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Fighting cyber bullying with Shakespeare by G-Souto is licensed under a Creative Commons Attribution-NonCommercial-ShareAlike 3.0 Unported License.


Weekly Reader
Much ado about nothing

A social media theater production

READ Magazine: Fiction, nonfiction, and reader’s theater for grades 6–10, April 15, 2011

The Street, Weekly Reader And The Ophelia Project Take On Cyberbullying With A Shakespeare Play Presented On Facebook, April 6, 2011

Tuesday, April 26, 2011

Google célèbre Jean-Jacques Audubon

Google Doodle Jean-Jacques Audubon
Aujourd'hui Google doodle rend hommage à Jean-Jacques Audubon, célèbre ornitohologue. naturaliste et peintre américain d'origine française.

Il est né le 26 Avril 1785 aux Cayes (Saint-Dominique). Il est consideré comme le premier ornithologue du Nouveau Monde.

Il se passionne très jeune pour l'histoire naturelle. Il a été élevé en France, à Nantes, non loin de là à Couëron, par sa belle-mère, Anne Moynet Audubon.

Il part aux États-Unis, où est connu par John James Audubon et devient contremaître dans une ferme près de Philadelphie. Il commence alors à étudier l'histoire naturelle en dirigeant la première opération de baguage du continent.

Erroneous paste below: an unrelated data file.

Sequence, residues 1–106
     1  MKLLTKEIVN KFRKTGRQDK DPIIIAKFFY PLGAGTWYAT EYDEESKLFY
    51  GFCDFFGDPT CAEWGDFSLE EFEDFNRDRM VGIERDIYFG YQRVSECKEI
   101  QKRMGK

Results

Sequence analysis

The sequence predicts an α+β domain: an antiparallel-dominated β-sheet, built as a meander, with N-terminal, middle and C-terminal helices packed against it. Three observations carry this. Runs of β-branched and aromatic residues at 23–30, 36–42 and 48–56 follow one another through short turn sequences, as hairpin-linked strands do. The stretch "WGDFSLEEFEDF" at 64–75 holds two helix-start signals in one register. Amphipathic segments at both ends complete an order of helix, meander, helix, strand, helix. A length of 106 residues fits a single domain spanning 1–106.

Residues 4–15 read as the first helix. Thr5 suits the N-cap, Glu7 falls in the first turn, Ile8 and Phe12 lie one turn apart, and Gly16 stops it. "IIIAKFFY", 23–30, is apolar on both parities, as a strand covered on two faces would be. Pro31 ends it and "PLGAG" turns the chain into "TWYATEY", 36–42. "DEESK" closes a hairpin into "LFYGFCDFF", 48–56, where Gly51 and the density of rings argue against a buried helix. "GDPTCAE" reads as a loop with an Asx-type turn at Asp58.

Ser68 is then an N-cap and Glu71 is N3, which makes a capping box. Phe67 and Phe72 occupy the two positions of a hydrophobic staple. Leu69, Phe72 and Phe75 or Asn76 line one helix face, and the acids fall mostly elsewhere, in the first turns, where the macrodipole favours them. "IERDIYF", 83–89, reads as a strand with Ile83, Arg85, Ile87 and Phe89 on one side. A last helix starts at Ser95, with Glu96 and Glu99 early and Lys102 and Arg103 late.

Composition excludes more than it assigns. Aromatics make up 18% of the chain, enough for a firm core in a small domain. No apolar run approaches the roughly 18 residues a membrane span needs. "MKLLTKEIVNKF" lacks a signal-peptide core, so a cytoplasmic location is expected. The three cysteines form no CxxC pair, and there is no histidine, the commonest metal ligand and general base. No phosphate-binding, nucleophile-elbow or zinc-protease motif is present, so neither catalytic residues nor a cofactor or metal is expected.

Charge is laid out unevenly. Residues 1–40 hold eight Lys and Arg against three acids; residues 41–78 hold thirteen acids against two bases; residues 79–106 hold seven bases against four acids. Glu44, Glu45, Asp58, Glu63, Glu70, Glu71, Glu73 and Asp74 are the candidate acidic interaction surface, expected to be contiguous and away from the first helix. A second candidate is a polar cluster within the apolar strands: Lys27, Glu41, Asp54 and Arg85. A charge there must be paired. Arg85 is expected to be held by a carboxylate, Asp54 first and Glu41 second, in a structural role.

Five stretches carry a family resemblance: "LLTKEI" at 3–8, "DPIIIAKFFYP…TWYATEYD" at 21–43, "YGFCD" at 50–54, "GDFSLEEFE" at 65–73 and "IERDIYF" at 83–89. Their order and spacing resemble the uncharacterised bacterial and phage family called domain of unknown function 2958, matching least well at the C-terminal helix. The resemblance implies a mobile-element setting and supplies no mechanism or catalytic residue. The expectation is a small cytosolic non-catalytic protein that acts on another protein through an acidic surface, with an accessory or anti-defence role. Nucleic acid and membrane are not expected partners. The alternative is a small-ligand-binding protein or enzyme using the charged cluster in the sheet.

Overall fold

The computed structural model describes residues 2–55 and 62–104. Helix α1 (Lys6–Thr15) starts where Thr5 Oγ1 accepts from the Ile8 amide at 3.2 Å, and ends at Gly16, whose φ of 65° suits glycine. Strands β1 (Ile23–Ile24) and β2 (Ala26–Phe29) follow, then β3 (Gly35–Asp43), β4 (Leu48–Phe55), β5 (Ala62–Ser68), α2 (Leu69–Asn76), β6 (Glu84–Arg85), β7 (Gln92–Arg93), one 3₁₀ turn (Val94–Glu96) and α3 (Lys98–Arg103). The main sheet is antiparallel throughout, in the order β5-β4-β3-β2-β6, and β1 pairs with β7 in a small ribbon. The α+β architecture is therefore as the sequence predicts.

Il noue un fil à la patte d'une moucherolle (Sayornis phoebe) et remarque ainsi que ces oiseaux reviennent nicher chaque année aux mêmes endroits.

Jean-Jacques Audubon 
or John James Audubon
by John Syme, 1826

Il commence également à dessiner et à peindre des oiseaux. Il a cherché un éditeur pour ses dessins d'oiseaux à Philadelphie, mais sans succès. Peut-être at-il attiré l'inimitié des sommités scientifiques de la ville, membres de l'Academy of Natural Sciences?

Alors, il part à Londres avec son portfolio et son succès fut immédiat. Il est fêté comme « l'homme des bois américain » et récolte suffisamment d'argent pour publier "Les Oiseaux d'Amérique" entre 1830 et 1839.

Son ouvrage, remarquable par l'exactitude des détails et par la beauté de l'exécution, se compose de quatre volumes contenant 435 planches grandeur nature peintes à la main.

Birds of America
Jean-Jacques Audubon

Jean-Jacques Audubon

Audubon a été élu membre de la Royal Society, suivant ainsi Benjamin Franklin qui en fut le premier membre américain. 

Pendant son séjour à Édimbourg à la recherche de souscriptions pour son livre, il fait une démonstration de sa manière d'utiliser des fils pour déployer les oiseaux devant la Wernerian Natural History Association du professeur Robert Jameson

Un étudiant nommé Charles Darwin faisait partie du public.

John James Audubon State Park (Kentucky, USA)

Il est revenu en Amérique du Nord où il poursuivit ses expéditions et achèta une propriété sur l'Hudson, aujourd'hui Audubon Park.

Maison John-James Audubon, 
Henderson, Kentucky